Quote from: 3Peat on November 17, 2005, 01:40:37 PMHitler was definitely not crazy, but a far greater threat than Saddam nonetheless.not the point. People use the words crazy and evil interchangeably
Hitler was definitely not crazy, but a far greater threat than Saddam nonetheless.
Quote from: be10dwn on November 17, 2005, 01:47:20 PMQuote from: 3Peat on November 17, 2005, 01:40:37 PMHitler was definitely not crazy, but a far greater threat than Saddam nonetheless.not the point. People use the words crazy and evil interchangeablyMaybe so, but there is a clear distinction. Wait, didnt the US and Iraq have an amicable relationship during the Iran-Iraq war, including during the gassing of the Kurds? I guess evil is only evil if it doesnt suit your interest.
When we supported Iraq, it was a lesser of two evils situation. If we had supported Iran, Democrats would have accused us of siding with a regime that killed Americans (look at what they did during the Iran-Contra scandal). As for the chemical weapons being used in Fallujah, I think most people are forgetting this fact: They were terrorists!By the time the battle of Fallujah was raging the civilians had largely left. We gave then ample warning, most people knew months before that there was an invasion coming. The people left were Islamic terrorists, waiting to fight against the Americans. I find it interesting that the media has forgotten that. But then again, waht does one expect. The media is trying once again to rebuild their image as freedom-fighters in order to remain "independent". This is sedition. Besides, if Fallujah had been completely bombed out, then terrorists would not have escaped. But then there would have been more media outcry. For some reason, (v.s) the potential media outcry almost always has an inverse relationship with the effectiveness of military policies. To those idiots who would support bombing schools, hopsitals, and innocent civilians for no apparent reason, I say this: "They got what was coming!"This is war aganist Islamic terrorism and its supporters. My primary concern is what happens to Americans. I would also like to limit civilian causalties. But, I have no sympathy for Islamic terrorists.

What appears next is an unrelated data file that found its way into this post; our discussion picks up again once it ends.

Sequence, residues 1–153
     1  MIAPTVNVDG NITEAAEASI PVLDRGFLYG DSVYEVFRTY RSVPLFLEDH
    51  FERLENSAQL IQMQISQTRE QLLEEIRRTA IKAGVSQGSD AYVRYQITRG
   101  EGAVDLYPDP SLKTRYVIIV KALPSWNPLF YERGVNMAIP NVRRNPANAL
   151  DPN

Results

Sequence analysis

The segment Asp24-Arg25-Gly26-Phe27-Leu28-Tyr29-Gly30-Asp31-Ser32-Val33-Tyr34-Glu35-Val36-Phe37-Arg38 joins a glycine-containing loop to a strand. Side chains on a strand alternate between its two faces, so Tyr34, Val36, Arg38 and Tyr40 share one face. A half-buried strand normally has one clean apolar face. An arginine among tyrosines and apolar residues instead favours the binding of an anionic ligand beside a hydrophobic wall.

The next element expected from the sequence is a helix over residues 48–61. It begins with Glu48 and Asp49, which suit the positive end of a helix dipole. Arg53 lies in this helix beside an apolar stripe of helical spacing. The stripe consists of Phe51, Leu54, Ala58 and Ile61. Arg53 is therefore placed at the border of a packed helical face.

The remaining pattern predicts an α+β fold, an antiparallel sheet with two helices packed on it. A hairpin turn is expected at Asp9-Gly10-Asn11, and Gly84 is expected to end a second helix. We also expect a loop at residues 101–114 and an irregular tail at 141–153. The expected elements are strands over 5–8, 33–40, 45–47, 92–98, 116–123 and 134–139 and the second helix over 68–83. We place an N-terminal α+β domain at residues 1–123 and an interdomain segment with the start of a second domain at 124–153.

this war is not about fighting islamic terrorism. it's about establishing the credibility of the US in terms of doing what we'll say we do. i'm sick and tired of this these neoconservative liberals (no that's not a goddamn oxymoron) who are convinced that spreading democracy around the world will solve our problems.where have all the realists gone? where? where? bring back kissenger, i say.
Quote from: Thikighoros on November 17, 2005, 02:30:46 PMTin-pot dictatorships around the world are scared stiff of the implications of what we are doing. therefore they are pouring their resources into developing/acquiring nuclear weapons technology as a deterrent while the US military is busy in iraq.afghan helped our credibility. iraq helped it a bit but then hurts it also because it shows the degree to which we can be bogged down in insurgencies where we don't have enormous advantages.democracy is not the sole determinant of whether or not we will come into conflict with these people. islamic terrorists attacked us. fine and dandy, but war on terror and war in iraq began as two separate issues. war on terror only provided the will to fight in iraq. this is not to say that iraq invasion was not justifiable, but it is in many respects a separate war.
Tin-pot dictatorships around the world are scared stiff of the implications of what we are doing.
Yes, this war is a war of ideals. We have to win hearts and minds if we are going to defeat the support for the terrorists. Torture and using chemical weapons is not going to cut it.
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